The convent, now an art gallery, once functioned as an orphanage. I walked around the outside wall until I came to the Gate of Hope, where unwanted babies were left for the nuns to raise. Most of these babies were female, especially if a ‘tiger baby’, for a girl born in the Year of the Tiger was considered to bring bad luck.
A short taxi ride away is the National Orchid Garden, set amongst the lush landscaping of the Botanical Gardens (established, of course, by Raffles himself). Here there are some 1000 species of orchid, plus over 2000 hybrids. The sheer number may seem daunting,
but the flowers are simply beautiful, and the gardens always a highlight of my visits. In a humid and overcrowded city they remain a cool oasis. Had I time I’d have wandered along the jungle walks and past the medicinal gardens, through the mist rooms and along the lakes and pause awhile at the sculpture displays – but the storm clouds loomed ever larger, and I had much to do.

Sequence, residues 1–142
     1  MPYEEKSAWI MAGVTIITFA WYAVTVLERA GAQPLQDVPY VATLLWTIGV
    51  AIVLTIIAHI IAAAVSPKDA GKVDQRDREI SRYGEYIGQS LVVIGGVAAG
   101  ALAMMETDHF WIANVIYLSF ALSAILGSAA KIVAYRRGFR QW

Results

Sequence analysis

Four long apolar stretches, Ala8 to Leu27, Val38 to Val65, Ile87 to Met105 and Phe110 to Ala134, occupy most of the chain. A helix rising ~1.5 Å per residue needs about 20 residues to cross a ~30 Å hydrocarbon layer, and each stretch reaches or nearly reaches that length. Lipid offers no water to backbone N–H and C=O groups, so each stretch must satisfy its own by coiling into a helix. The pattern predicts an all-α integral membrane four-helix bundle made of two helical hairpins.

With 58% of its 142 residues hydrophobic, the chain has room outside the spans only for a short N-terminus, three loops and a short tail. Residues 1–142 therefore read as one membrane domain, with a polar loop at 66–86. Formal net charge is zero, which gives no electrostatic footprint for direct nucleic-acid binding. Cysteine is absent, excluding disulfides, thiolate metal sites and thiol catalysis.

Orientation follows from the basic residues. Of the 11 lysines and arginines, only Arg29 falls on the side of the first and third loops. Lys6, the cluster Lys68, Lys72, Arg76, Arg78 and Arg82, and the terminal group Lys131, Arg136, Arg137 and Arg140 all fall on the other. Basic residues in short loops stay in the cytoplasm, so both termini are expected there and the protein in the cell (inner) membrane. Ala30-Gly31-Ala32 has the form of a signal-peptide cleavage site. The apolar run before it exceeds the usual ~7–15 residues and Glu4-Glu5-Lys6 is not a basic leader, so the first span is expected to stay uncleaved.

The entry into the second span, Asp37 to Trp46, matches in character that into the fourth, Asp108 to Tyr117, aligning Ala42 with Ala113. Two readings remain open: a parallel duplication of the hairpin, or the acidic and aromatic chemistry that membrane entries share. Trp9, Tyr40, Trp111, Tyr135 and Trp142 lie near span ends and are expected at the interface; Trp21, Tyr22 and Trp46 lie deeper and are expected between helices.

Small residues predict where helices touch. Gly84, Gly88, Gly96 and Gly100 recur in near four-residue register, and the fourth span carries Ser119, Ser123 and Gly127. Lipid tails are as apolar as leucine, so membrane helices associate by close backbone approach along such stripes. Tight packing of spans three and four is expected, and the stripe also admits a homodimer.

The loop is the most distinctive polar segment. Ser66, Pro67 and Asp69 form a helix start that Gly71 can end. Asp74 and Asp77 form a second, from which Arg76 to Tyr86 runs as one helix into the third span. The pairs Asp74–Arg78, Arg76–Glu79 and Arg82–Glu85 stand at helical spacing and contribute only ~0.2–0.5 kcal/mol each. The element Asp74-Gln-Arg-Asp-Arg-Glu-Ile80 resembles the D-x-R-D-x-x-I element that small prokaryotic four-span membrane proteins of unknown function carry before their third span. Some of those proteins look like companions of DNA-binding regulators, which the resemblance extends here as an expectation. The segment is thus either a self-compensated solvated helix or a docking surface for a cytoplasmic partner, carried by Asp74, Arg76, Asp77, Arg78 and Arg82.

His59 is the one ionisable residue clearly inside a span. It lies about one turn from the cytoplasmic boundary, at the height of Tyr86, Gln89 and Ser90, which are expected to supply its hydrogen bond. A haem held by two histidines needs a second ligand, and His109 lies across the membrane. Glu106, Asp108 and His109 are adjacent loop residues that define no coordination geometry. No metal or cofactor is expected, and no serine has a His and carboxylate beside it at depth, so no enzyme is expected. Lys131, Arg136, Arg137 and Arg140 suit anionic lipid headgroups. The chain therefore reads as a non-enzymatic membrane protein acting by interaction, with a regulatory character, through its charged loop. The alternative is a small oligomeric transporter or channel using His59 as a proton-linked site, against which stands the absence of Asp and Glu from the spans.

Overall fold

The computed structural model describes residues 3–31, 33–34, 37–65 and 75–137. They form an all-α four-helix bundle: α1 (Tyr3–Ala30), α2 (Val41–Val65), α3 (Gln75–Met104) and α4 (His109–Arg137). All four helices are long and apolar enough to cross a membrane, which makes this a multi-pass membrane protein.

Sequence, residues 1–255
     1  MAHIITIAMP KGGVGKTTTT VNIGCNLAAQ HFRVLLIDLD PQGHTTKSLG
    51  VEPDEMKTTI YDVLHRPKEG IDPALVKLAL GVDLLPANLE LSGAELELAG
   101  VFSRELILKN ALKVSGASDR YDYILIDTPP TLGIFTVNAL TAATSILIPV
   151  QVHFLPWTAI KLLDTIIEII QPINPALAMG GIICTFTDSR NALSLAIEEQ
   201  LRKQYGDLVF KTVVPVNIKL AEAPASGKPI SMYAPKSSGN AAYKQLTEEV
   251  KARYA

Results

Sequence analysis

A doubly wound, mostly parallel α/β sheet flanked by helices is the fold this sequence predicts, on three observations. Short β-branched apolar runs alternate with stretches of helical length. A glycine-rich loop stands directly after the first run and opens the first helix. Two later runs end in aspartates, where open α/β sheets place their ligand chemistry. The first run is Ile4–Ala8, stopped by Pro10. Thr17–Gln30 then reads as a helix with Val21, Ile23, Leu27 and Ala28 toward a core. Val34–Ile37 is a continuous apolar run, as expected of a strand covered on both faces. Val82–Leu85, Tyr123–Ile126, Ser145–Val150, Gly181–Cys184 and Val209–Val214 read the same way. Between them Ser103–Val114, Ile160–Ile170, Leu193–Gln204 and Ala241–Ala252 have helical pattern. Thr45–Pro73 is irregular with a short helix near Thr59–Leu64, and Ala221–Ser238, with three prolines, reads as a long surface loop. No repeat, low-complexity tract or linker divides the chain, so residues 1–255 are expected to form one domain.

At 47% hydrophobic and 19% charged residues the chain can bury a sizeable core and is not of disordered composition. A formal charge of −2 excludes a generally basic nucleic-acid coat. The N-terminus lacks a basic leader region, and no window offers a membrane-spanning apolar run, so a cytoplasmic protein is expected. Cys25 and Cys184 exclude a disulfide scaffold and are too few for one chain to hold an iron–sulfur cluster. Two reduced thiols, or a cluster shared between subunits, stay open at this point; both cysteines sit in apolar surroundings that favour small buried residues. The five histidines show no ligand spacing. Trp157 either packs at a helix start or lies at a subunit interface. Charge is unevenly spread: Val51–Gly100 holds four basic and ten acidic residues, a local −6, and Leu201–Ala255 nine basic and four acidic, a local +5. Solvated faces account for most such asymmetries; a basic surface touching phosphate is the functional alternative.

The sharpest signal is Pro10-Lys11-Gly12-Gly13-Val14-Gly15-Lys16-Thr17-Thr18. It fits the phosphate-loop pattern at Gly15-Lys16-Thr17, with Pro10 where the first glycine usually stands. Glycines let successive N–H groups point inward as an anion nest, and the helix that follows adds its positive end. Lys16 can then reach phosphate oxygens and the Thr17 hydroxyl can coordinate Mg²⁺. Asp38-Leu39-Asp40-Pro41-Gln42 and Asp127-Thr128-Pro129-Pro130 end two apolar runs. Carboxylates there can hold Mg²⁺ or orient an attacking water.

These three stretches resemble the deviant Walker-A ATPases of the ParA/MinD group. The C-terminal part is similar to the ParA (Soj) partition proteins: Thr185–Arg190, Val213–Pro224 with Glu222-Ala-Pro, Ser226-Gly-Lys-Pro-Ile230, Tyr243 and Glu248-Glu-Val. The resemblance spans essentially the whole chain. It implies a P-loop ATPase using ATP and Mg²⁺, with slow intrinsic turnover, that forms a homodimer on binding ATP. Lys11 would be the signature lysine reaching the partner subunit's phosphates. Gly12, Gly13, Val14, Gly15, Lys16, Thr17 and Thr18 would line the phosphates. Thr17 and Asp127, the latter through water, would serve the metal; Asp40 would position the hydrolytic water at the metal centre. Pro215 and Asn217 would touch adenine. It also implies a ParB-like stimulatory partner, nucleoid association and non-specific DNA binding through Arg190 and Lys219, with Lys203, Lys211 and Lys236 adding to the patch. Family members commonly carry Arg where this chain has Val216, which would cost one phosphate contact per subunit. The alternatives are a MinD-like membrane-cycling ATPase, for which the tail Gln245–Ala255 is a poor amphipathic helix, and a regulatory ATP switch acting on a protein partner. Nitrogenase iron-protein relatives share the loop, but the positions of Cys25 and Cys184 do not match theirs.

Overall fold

Singapore sings a siren’s song to savvy shoppers. With her endless malls Orchid Road is a great place to start (especially during The Great Singapore Sale, running through June and July, when the entire city, it seems, is up to 70% off). What better excuse do you need? And in the malls – and indeed all over the city – are the Doctor Fish.
Considering my great-uncle was taken by a shark, it took a deal of bravery on my behalf to slip my feet into a tankfull of fish. Fortunately they have no teeth, and eat only dead skin. The minute my feet hit the water the tiny Garrarufa fish swarmed about me, hundreds of them covering every piece of exposed skin with their nibbles. Their tickles proved remarkably pleasant, and after ten minutes I was left with incredibly soft and silky feet.